1962 CHRYSLER 300H HARDTOP
Engine: 413 CI
The 300F’s fins grew to even wilder proportions in 1960, starting at the front of the door and terminating with V-shaped taillights and a “bird-bath” faux spare on the trunk. The 413-c.i. Wedge V-8 received cross-ram induction and the highest horsepower motor made 400 ponies. Sales rebounded to 964 hardtops and 248 convertibles and at least 10 cars were fitted with the French Pont-a-Mousson 4-speed. Chrysler 300Fs were timed at a remarkable 145 mph at Daytona. The 300G of 1961 would be the last “big fin” car, and the front was heavily modified to accept angled headlights. Some 3-speed cars were built, and sales climbed again to 1,280 hardtops and 337 convertibles.
Chrysler broadened the range in 1962 with a “non-letter” 300 Sport series. These cars were basically a Windsor replacement, with sedan, hardtop, and convertible body styles. The 300 Sport lacked the fire-breathing letter car’s performance but looked the same. This diversification of the name hampered 300H sales, with only 435 hardtops and 123 convertibles selling. The grille remained the same as 1961, but the rear fenders were de-finned.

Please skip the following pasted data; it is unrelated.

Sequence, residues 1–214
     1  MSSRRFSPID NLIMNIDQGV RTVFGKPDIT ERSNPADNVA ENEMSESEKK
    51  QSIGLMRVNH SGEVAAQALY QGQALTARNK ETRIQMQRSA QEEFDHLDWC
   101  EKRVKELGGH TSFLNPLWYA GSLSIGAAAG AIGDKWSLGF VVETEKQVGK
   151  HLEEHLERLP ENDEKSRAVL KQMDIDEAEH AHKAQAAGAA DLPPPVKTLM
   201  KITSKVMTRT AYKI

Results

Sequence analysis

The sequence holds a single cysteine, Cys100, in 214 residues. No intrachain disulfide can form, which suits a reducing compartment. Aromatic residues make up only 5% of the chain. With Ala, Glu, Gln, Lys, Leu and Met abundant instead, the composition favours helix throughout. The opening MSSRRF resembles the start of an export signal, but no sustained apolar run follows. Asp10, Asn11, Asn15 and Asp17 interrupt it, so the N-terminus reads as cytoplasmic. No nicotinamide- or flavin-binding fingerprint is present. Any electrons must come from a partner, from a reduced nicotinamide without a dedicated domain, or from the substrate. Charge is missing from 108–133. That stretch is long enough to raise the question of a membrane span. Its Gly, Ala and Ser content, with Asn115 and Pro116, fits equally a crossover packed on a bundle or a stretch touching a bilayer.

A complete redesign arrived in 1963, with the result being a much flatter, square car. The 300 Sport series continued, now further confusing buyers by offering “Indy Pace Car” packages as well. The 300J was no longer offered as a convertible and only 400 hardtops were sold. The shape was little changed for 1964, but the 300K staged a surprising comeback; a convertible returned to the line and 625 were sold along with 3,022 hardtops, beating 1957’s record to become the most popular of the letter series cars.
By 1965, the Chrysler 300 letter brand had been diluted by all the various models offered as plain 300s. The 300L sold quite well, with 2,405 hardtops and 440 convertibles but it did not hold the same magic as the more exclusive early cars. Chrysler ended production of the letter series with the 300L, and there was no 1966 letter car.
Never common, Chrysler 300 letter cars have a dedicated following, and their performance goodies can be costly. Be aware that most were run hard, and rust is a serious problem. They are also enormous by modern standards, so measure your garage first. Once you do find one, drive this “business man’s express” with confidence, knowing that there isn’t another Jet Age American car on the road that can keep up.
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